What thoughts did you think?

Did you…

  • beat yourself up for not having planned better?
  • imagine the other mums or the school staff rolling their eyes and badmouthing you?
  • worry about the example you were teaching your kid?

What about the sales call? Do you talk yourself into all the reasons why they absolutely should not under any circumstances buy from you…? And therefore not have to make yourself uncomfortable by making the call?

Well. I want to share this little video with you….

Now. In some cases, STOP IT is actually going to be enough.

But in other cases, we need a more nuanced line of attack. Why?

The thoughts we think create our feelings, which create our behaviours, which have consequences.

Those consequences give rise to a new set of thoughts, which create new feelings, new behaviours and of course new consequences.

And if you’ve set off on a negative track, the result is a downward spiral into increasingly negative thoughts, feelings, behaviours and consequences. And that can have a direct negative effect on your physical and mental health.

Let’s play “silencing the inner critic” through…

  1. Take a piece of paper and think of a situation – perhaps the one you thought of earlier, perhaps a new one. Describe the situation in as few words as possible.
  2. Now, was your description true or do you need to retell it without some of the judgements or assumptions?
  3. Ok. Now, start to make a list of the thoughts you had about that situation and about yourself in that situation.
  4. Pick a couple of those thoughts and look at how they make you feel.
  5. So how does the feeling affect your behaviour? How does shame affect your behaviour? How does guilt? Disappointment? Disappointment in yourself? What feelings are you having now? What sorts of consequences might come from entering a life situation or work situation with those behaviours?
  6. Now. Let’s go back to the initial situation. Your job is to come up with alternative explanations for what happened or alternative ways of looking at the situation. It doesn’t matter if they are provable or not, so long as you could credibly believe that explanation instead.
  7. Fantastic. Now, what feelings are you feeling about the situation and you in it? How might these new feelings change your behaviour? And what might the consequences be?

Even neutral thoughts give rise to more helpful feelings.

And we want to actively cultivate feelings that allow us to be resourceful and creative. In fact, the more resourceful and creative you can be, the more you will begin to generate an upswing in both the results you’re getting and, of course, in your feelings about those results and yourself, so that you create an upward spiral.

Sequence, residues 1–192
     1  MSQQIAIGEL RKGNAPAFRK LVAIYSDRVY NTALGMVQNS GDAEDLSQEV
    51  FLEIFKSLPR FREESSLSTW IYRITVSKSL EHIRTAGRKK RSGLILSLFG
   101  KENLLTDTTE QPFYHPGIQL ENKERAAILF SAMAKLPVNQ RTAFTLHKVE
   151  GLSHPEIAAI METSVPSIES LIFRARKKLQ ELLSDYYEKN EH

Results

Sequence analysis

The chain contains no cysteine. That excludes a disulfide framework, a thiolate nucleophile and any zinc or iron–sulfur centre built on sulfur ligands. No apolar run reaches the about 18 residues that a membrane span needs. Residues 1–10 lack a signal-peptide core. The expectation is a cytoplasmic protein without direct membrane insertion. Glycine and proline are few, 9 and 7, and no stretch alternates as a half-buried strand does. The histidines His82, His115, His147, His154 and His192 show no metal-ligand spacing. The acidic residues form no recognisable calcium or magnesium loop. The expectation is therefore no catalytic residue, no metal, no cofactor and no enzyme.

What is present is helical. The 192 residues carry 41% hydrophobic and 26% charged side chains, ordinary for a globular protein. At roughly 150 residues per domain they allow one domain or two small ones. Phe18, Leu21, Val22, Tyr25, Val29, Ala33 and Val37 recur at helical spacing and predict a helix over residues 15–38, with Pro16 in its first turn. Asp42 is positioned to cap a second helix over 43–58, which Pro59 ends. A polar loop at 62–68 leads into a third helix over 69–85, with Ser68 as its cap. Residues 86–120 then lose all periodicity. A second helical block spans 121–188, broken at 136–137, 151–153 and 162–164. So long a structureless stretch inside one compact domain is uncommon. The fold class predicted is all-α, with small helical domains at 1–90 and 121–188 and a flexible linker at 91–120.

So. How would this help in silencing the inner critic for good?

Firstly…. When you begin to examine the thoughts and see how outrageously untrue and unfair some of those thoughts are about you… I’m hoping your inner rebel will come out and start fighting on your behalf!!

Who dared tell you that? Where did that idea first come from?

If your inner rebel is asleep, go talk to a dear friend, or a good therapist, to help you get some perspective.

So often these thoughts aren’t actually our own.

Maybe its something a teacher said in passing or an aunt or uncle or mum or dad. But for some reason, it went in and continues to play havoc with our lives. And the more we can name them – and I do literally mean name them – the sooner we will be able to let them go.

Baldy Bob telling me I’m not good enough

has a lot less effect.

Secondly, as you start to see for yourself how direct the link is between what you think and the results you get, you can start to build a positive feedback loop. Build evidence that when you think positive and supportive thoughts about yourself, you feel strong and resourceful. Also, you behave creatively and assertively and you get better results.

The trick is to think it matters enough to listen to what you’re thinking in the first place. If you do, I promise you will soon see better results and you will feel better in yourself – physically, emotionally and mentally.

If you’d like my help to train your inner coach the ways of silencing the inner critic for good, book a discovery session of life coaching in Ealing or by Skype with me!

better sleep tips

Tips for a good night’s sleep

Getting enough sleep is a perennial problem for some, and I sympathise. I’ve had two stress-related periods of exceptionally poor sleep in my life, and as a result, I began to dig deep into the science to help myself and others get a better night’s sleep. Here is what I found.

Tips for a good night’s sleep: environmental factors